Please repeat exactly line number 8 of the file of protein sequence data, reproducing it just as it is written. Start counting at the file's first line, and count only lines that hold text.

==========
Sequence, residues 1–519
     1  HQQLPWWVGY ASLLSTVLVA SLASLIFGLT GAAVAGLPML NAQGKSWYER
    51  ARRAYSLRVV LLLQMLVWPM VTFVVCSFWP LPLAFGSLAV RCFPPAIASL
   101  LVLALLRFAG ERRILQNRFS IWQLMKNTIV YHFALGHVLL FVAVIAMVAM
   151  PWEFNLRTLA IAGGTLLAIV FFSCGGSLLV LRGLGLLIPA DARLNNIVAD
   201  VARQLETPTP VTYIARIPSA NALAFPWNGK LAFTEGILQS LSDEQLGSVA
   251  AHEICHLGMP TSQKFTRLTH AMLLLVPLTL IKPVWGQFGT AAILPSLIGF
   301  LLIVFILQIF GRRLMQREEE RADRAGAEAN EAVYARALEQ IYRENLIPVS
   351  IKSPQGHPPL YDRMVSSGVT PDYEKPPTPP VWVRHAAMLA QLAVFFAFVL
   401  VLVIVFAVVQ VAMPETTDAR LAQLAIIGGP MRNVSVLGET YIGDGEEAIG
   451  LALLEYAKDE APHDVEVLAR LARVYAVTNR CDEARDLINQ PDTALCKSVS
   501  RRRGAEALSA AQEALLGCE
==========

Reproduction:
   301  LLIVFILQIF GRRLMQREEE RADRAGAEAN EAVYARALEQ IYRENLIPVS